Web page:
Health secretary Andrew Lansley has warned that the Dilnot commission’s £1.7bn proposals to reform adult social care funding could prove too costly to implement in full. But we urge the government to act on Dilnot because, far from being promoted, dignity and respect are fast becoming major casualties of the financial cuts.
Dilnot’s recommendations could go a long way towards wiping out the fundamental unfairness of the social care system, by easing the eligibility crisis and allowing more investment in preventive support to stop people becoming dependent on institutional forms of care in the first place.
However, there is much more to Dilnot than a possible solution to the funding crisis.
Under the plans, eligibility for services would be the same everywhere in England and assessments would be portable across local authority boundaries.
What’s more, the commission proposes that the government should develop a new assessment measure with experts in the field. This is a big chance for social workers to help bring assessment in line with the ambitions of the personalisation agenda, by giving people more choice and control over their care and support.
The report asks how any new system could be “focused on helping people meet the outcomes they want to meet”. Rather than persevere with a needs-based style of assessment reminiscent of the Poor Law, this could be an chance for social workers to deliver truly person-centred services.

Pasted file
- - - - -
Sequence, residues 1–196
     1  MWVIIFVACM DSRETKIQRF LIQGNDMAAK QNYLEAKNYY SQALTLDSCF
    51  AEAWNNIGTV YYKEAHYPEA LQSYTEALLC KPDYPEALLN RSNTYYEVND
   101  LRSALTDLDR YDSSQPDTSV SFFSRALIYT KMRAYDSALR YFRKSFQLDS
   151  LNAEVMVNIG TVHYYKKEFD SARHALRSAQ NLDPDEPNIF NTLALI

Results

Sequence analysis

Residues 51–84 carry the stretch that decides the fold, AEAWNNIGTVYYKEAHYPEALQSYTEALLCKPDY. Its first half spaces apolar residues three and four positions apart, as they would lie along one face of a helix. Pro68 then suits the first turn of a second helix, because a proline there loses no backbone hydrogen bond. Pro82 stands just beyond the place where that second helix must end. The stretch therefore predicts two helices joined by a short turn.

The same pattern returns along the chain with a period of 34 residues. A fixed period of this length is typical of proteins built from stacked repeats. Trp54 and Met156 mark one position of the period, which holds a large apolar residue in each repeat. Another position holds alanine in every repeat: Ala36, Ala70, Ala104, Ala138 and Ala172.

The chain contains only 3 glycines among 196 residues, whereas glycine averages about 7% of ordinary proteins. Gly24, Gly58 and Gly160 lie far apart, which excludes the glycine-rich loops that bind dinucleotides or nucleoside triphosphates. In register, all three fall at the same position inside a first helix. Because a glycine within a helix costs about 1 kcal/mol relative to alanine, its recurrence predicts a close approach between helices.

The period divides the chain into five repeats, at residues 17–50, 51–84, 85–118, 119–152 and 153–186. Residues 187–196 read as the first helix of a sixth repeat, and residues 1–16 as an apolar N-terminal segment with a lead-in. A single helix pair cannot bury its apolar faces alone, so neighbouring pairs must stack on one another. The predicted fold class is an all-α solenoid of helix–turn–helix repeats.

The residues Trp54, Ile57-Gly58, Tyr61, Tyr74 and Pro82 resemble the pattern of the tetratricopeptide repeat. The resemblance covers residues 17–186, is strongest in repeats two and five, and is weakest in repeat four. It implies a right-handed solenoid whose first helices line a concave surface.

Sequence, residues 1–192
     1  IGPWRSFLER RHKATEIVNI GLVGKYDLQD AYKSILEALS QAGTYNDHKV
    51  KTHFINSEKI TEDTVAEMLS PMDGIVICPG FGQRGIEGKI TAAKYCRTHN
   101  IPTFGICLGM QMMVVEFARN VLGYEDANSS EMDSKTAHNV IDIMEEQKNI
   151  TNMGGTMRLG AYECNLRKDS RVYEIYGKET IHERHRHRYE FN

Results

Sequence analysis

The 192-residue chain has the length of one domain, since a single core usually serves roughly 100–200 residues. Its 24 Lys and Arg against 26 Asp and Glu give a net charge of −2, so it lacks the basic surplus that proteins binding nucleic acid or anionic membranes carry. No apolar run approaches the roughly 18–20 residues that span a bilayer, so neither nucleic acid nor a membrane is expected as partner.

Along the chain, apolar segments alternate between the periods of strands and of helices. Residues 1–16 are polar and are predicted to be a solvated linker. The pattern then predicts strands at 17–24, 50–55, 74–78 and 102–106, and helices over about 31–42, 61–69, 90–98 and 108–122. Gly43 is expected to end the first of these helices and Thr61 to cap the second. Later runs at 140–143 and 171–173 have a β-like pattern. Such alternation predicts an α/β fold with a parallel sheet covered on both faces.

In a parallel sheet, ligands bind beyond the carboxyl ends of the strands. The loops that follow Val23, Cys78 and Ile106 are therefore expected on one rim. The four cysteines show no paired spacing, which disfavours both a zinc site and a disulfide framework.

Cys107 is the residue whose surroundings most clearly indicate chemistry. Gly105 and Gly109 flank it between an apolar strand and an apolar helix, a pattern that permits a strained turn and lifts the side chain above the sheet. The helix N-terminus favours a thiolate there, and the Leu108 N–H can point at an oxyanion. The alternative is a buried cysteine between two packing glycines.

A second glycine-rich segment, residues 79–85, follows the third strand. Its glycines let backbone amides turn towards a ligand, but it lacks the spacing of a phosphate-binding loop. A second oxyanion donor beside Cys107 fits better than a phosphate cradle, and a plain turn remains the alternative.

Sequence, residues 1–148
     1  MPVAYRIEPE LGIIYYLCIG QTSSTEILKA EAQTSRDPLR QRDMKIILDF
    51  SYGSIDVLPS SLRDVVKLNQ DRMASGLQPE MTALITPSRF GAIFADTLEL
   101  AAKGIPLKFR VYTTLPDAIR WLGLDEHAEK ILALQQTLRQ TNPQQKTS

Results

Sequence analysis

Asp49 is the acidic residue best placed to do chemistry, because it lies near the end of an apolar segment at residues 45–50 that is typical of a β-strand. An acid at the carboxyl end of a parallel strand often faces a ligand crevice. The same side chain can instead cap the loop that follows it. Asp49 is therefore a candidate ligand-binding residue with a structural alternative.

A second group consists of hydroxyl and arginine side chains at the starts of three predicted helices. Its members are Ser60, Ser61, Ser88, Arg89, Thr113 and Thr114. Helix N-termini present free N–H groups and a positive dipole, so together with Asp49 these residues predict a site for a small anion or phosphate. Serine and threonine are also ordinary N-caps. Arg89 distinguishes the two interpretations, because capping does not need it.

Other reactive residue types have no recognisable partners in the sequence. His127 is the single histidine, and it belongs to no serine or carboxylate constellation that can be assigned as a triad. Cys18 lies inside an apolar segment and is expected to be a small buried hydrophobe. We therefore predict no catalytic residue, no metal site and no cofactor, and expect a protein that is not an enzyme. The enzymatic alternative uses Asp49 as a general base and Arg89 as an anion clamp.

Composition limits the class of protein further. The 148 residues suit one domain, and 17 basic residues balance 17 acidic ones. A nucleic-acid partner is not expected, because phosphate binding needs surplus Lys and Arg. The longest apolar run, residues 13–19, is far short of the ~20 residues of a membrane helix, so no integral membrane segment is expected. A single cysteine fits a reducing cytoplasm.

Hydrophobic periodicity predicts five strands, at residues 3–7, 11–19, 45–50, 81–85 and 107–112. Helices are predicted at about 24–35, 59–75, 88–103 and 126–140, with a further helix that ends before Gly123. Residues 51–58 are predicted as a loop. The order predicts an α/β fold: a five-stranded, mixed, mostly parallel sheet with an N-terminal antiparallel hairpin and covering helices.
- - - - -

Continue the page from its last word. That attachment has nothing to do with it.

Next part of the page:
That, in turn, could release new energy in social workers who work with adults.
Professor Eileen Munro’s review of child protection recommended a style of social work which combined analytical and intuitive skills, and which relied on working directly with people “to understand their experiences, worries, hopes and dreams”. This could mean less central prescription and a greater focus on individual professional judgement. Why should social work with adults be any different?
Professional judgement and building relationships with service users in which they are freed to talk about their wishes for the future are important here too. Social workers would say their goodbyes to the 1990s fetish for care management, as many already have, and return to the role of helping service users overcome obstacles preventing them from living the lives they choose. That’s what most social workers, before the rise of care management, thought the job was about.
Dilnot stresses the importance of information and advice, regardless of whether social care is funded by the state. If dignity and respect are the name of the game, we need social workers, as well as resources, to make them happen.
Corinne May-Chahal and Maurice Bates (pictured) are the interim co-chairs of the College of Social Work
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